Custom Report Types

Standard report types provide common combinations of objects (for example, Accounts and Contacts, Contacts and Cases), but you may have situations where you need more. Custom report types allow you to combine objects in new and different ways to more accurately report on what you need to know.

Follow these steps to create a custom report type.

  1. Navigate to Setup.
  2. In the Quick Find box search for report types. If this is your first time creating custom report types, you will see an information box explaining what they are and the process of building them. Once you’ve reviewed the information click Continue.
  3. Click New Custom Report Type.
  4. Define the custom report type.
    1. Name your report. Valerie names this report Class Attendance.
    2. Add a description. Valerie decides on the description Track attendance for at-risk students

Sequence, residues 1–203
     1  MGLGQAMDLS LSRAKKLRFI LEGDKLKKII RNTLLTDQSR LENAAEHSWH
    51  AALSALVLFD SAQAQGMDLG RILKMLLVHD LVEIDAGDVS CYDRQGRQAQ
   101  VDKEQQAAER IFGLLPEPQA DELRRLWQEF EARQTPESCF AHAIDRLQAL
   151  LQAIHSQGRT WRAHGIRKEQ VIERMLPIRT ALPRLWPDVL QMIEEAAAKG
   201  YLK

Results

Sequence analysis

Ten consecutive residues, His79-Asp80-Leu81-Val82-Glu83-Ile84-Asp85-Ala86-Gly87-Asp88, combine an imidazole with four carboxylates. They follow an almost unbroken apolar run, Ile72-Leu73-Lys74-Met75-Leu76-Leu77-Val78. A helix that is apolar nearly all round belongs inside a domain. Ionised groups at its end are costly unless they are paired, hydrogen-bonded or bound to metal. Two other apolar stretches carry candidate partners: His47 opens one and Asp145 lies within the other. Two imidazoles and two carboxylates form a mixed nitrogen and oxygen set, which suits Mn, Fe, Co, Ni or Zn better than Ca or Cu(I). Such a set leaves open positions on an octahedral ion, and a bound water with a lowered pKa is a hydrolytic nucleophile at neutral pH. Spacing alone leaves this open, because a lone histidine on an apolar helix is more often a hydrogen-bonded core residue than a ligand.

3. Choose which existing Reports section your new report type should belong to. For this example Valerie selects Other Reports.
    4. To ensure her report type is available for use in the report wizard, Valerie selects Deployed.

      Define the Custom Report Type.

  5. Click Next.
  6. Define the report records set.
    1. Choose the Primary Object and Secondary Object. Each object you add will narrow the options for the next object you select.
      Valerie selects Contacts as the Primary Object and Attendance Events as the Secondary Object.

      Define Report Records Set

  7. Click Save.

Prepare to Build Your Report

If you want to follow along as we create this attendance event report, create some sample data in your EDA trial org.

Create records in this order.